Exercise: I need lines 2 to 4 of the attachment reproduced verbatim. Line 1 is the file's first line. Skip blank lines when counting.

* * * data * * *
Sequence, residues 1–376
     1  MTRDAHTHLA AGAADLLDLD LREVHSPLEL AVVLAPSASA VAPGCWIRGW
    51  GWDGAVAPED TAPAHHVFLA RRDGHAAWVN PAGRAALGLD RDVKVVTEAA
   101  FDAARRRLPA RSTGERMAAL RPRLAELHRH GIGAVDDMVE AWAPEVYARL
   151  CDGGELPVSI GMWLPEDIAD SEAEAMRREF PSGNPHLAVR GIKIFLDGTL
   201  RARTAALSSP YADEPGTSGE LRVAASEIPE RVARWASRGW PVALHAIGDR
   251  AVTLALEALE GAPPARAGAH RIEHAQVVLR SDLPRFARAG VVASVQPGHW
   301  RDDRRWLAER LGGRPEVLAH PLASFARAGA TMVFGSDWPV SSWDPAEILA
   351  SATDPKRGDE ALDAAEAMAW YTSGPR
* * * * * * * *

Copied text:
     1  MTRDAHTHLA AGAADLLDLD LREVHSPLEL AVVLAPSASA VAPGCWIRGW
    51  GWDGAVAPED TAPAHHVFLA RRDGHAAWVN PAGRAALGLD RDVKVVTEAA
   101  FDAARRRLPA RSTGERMAAL RPRLAELHRH GIGAVDDMVE AWAPEVYARL